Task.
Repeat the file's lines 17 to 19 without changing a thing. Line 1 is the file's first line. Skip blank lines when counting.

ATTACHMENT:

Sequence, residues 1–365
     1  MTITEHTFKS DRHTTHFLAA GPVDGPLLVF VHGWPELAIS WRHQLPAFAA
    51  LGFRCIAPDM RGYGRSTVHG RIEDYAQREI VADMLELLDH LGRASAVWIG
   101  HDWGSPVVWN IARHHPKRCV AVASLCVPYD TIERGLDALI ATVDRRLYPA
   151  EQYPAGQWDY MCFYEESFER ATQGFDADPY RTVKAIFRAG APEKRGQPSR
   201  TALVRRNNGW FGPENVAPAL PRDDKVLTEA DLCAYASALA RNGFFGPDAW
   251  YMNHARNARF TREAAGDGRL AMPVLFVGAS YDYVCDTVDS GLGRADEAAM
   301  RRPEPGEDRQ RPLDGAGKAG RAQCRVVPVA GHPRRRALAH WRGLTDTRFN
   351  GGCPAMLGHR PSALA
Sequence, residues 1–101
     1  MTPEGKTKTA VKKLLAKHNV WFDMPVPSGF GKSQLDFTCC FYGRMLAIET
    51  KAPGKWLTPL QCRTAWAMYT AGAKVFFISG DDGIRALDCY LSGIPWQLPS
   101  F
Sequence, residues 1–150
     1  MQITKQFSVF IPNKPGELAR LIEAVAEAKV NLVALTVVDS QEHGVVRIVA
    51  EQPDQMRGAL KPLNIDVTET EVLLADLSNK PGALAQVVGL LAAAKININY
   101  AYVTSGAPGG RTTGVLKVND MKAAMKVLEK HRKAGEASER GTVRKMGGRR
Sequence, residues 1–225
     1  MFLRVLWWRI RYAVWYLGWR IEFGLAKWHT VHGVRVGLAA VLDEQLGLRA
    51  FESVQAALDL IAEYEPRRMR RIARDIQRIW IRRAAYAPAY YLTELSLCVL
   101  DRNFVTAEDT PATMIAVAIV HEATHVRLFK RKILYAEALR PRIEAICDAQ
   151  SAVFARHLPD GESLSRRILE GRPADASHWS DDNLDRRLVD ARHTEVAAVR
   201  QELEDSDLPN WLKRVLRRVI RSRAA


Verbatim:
   101  AYVTSGAPGG RTTGVLKVND MKAAMKVLEK HRKAGEASER GTVRKMGGRR
Sequence, residues 1–225
     1  MFLRVLWWRI RYAVWYLGWR IEFGLAKWHT VHGVRVGLAA VLDEQLGLRA